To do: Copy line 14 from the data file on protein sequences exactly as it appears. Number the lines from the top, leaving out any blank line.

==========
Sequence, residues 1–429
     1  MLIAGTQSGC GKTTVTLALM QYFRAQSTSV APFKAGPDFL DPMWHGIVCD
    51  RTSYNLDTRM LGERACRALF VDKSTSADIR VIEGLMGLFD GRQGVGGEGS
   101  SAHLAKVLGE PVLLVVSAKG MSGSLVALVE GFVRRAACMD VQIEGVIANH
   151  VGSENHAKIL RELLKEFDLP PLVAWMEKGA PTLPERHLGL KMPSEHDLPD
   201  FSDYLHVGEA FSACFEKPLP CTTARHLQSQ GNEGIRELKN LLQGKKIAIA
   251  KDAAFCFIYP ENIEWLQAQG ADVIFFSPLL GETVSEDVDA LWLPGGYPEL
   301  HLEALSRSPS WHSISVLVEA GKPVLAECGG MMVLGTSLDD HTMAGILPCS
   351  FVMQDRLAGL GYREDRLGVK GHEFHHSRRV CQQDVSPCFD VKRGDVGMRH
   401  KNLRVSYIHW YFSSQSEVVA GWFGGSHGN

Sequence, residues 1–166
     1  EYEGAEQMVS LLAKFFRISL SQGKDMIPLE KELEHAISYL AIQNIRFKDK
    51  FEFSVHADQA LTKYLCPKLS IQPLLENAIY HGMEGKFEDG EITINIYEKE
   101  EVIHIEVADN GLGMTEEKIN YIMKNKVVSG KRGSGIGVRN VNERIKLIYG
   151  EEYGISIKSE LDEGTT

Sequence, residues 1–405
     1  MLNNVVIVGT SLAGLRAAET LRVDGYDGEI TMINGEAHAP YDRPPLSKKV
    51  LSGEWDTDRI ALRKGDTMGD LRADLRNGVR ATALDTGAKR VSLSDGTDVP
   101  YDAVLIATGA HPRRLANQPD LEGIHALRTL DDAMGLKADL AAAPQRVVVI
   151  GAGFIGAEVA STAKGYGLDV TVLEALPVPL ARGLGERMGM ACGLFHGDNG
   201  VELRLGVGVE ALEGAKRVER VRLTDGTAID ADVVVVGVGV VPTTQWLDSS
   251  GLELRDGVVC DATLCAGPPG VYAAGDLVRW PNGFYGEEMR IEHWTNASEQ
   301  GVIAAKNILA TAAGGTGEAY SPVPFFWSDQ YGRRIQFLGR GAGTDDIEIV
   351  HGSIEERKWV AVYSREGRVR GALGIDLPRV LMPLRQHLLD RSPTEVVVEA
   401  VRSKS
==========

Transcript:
   101  EVIHIEVADN GLGMTEEKIN YIMKNKVVSG KRGSGIGVRN VNERIKLIYG